Sector exclusions: In the control group, the financial sector has been excluded. As documented in previous studies, financial institutions face very different regulation and incentives and it is therefore preferable to exclude them in a context of matched sampling.

3.4. Sampling Strategy

In order to build the two subsamples described above (treatment and control groups), the starting point of our sampling strategy was all firms to which MSCI had assigned an ESG score on 1 December 2016; 11,289 firms met this criterion. A second database (WRDS, Wharton Research Data Services) was combined with the MSCI database in order to generate the firms’ NAICS and SIC codes. A criterion was then applied to retain the firms whose industry is either Casinos and Gaming, Tobacco or Alcohol. For the Alcohol sector, firms were retained if their NAICS code was 312120 (Breweries), or if their SIC code was 2084 (Wines, Brandy and Brandy Spirits) or 2085 (Distilled and Blended Liquors). The following firms and their subsidiaries were added manually to the sin stocks subsample, since they are well-known brewers: Anheuser-Busch, Diageo, SABMiller and Molson Coors. As a result, 123 sin stocks were identified with ESG scores for the year of 2016 in the MSCI database.
We then paired each sin stock with a comparable firm operating in a more traditional business sector. The paired control group needed to present similarity for the four attributes explained above that are as close as possible to that of the sin stocks: the firm’s country, market capitalization (size), financial leverage and average return on assets over the past five years. This approach is similar to the pairing methodology used in previous literature [28,29].
The Worldscope dataset was used to collect information on the financial fundamentals used to measure the four criteria applied in the paired matching sample procedure. Of the 123 stocks identified in the MSCI dataset, only one did not have the identifier code (the ISIN code) and could not be matched in the Worldscope. For the 122 remaining sin stocks, 115 entries contained financial information. Worldscope was able to identify the home country of all of these 115 firms, but was unable to provide market capitalization, leverage or return on assets for some firms. It was deemed necessary for firms in the control group to have at least the firm’s country and two of the financial attributes. Therefore, the final subsample of sin stocks is made up of 81 firms.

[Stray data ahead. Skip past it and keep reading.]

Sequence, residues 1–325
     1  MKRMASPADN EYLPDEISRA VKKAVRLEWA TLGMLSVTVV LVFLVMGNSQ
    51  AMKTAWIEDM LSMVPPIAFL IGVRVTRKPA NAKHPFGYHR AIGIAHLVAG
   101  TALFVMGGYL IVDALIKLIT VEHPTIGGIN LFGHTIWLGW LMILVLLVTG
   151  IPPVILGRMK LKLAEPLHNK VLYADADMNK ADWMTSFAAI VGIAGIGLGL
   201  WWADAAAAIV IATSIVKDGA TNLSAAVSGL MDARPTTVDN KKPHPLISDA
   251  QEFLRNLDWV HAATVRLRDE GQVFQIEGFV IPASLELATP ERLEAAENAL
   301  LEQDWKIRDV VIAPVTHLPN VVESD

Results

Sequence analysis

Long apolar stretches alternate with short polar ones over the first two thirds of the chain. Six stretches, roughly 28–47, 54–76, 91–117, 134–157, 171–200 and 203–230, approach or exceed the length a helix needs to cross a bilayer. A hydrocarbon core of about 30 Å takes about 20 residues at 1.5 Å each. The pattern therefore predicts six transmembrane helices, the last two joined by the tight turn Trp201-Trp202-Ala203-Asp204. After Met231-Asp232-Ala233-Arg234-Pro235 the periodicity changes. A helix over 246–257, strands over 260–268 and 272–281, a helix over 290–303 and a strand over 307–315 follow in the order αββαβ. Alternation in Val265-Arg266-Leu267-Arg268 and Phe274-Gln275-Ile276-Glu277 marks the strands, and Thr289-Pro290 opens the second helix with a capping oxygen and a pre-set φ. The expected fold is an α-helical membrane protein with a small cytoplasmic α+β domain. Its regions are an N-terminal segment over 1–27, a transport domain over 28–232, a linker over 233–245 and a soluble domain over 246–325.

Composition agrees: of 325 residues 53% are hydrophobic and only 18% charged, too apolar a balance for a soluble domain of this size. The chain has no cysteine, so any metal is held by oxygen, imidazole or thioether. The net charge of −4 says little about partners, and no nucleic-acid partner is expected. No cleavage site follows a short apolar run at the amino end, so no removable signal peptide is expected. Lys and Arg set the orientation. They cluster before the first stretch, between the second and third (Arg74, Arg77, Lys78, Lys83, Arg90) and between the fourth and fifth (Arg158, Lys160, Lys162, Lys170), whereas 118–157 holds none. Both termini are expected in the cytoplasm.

The list of firms that can be included in the control group has been established according to the following criteria: (1) the firm must have an ESG score in the MSCI database, (2) it must not be included in the 123 sin stocks identified previously and (3) it must not belong to the financial sector. More precisely, eight industries were excluded according to MSCI industry classification: Banks, Life & Health Insurance, Asset Management & Custody Banks, Consumer Finance, Property & Casualty Insurance, Diversified Financials, Multi-Line Insurance & Brokerage, and Investment Banking & Brokerage). There was a total of 5295 firms meeting these criteria. The next step was to match each of the 81 sin stocks with a comparable firm (control group). As much as possible, the paired firm came from the same country and had the three closest attributes (according to a Z-score calculation, allowing us to calculate which firm is most similar to the sin stock in terms of standard deviation from the average of the attribute). Two of the 81 sin stocks had to be excluded as they had very specific attributes that prevented them from being matched with any firm in the control group. These firms are Multi Soft II, Inc. with an unknown market capitalization, leverage of −0.07 and return on assets of −956.76%; and Multi Solutions II, Inc. whose market capitalization was 379,915 US$, leverage of −0.08 and return on assets of −913.23%.